Rivets not only serve the function of securing a seam, they are also a visual element, creating little staccato-like points along an edge. Rivets can be used in all types of materials, including leather, metal and cardboard. If you just got a new rivet punch and are dying to try it out, a few basic craft projects that utilise rivets will help get you started.
Use box rivets to build planar constructions out of used cardboard boxes. Types of constructions include scale-size castles, barns, spaceships, pyramids, skyscrapers and even full-size lemonade stands. To make these constructions, cut each section, or plane, of cardboard with flaps to create slightly overlapping seams. Secure the seams along the overlap with rivets. Add colour to your creation with craft paints.
Turn a boring belt into a dazzling accessory with rivets. Use plain stainless steel or copper rivets, or get creative with button stud or spike rivets for a punk rocker look. Crystal rivets come in a wide variety of colours and resemble rhinestones. If you are interested in working with leather, take this craft one step further and make the belt yourself. Leather tools, belt buckles and other materials for making belts or generally sold alongside rivets.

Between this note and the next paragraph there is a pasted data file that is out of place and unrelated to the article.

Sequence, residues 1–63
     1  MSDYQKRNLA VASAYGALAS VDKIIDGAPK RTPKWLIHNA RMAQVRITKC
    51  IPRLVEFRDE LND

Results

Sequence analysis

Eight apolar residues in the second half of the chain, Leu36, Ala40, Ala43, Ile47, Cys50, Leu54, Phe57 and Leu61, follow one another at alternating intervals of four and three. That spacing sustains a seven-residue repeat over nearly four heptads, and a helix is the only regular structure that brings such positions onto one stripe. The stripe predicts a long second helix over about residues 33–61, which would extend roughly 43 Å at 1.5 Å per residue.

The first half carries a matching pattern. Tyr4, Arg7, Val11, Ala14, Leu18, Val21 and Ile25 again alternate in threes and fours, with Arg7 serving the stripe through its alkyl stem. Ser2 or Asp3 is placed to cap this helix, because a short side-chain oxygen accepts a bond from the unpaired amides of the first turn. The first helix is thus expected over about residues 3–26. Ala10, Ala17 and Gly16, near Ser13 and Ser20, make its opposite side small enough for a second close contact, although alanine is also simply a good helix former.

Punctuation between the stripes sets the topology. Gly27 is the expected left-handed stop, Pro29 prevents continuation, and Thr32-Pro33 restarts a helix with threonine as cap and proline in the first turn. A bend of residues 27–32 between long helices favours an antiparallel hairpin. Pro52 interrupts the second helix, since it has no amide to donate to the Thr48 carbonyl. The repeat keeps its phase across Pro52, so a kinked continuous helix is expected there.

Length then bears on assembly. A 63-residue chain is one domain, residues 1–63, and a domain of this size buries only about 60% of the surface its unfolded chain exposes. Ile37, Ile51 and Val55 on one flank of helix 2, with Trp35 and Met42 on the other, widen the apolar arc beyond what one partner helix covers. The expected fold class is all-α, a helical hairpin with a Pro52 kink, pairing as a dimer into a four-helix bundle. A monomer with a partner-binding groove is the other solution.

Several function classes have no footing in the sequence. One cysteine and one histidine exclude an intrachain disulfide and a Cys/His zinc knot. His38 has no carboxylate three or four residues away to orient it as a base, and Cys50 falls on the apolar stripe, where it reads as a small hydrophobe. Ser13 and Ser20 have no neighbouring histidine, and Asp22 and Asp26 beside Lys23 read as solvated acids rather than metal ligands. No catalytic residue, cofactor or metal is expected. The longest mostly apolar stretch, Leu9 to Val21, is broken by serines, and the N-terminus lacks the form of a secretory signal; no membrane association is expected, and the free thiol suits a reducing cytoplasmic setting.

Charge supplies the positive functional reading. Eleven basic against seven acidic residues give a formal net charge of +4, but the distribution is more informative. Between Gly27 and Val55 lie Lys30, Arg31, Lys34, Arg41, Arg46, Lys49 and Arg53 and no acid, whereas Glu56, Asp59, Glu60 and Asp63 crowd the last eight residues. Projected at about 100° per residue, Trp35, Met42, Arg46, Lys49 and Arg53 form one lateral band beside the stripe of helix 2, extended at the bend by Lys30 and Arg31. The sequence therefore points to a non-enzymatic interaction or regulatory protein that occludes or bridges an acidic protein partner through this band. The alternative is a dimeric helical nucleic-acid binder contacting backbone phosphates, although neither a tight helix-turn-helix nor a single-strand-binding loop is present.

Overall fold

Number Plate Mailbox
A number plate mailbox is a unique craft that utilises unexpected materials. Simply rivet old number plates to a plain, metal mailbox. It is fun to go foraging for number plates at an automotive salvage yard, and number plates from lots of different states make eclectic mailboxes. Cut the number plates to fit and bend them to wrap around the curved top of the mailbox. File down sharp cut edges for safety. Drill rivet holes with a metal bit and use pop rivets to secure the number plates. Cut the mailbox flag out of a number plate. As a final touch, bolt a funky knob or handle to the mailbox door.
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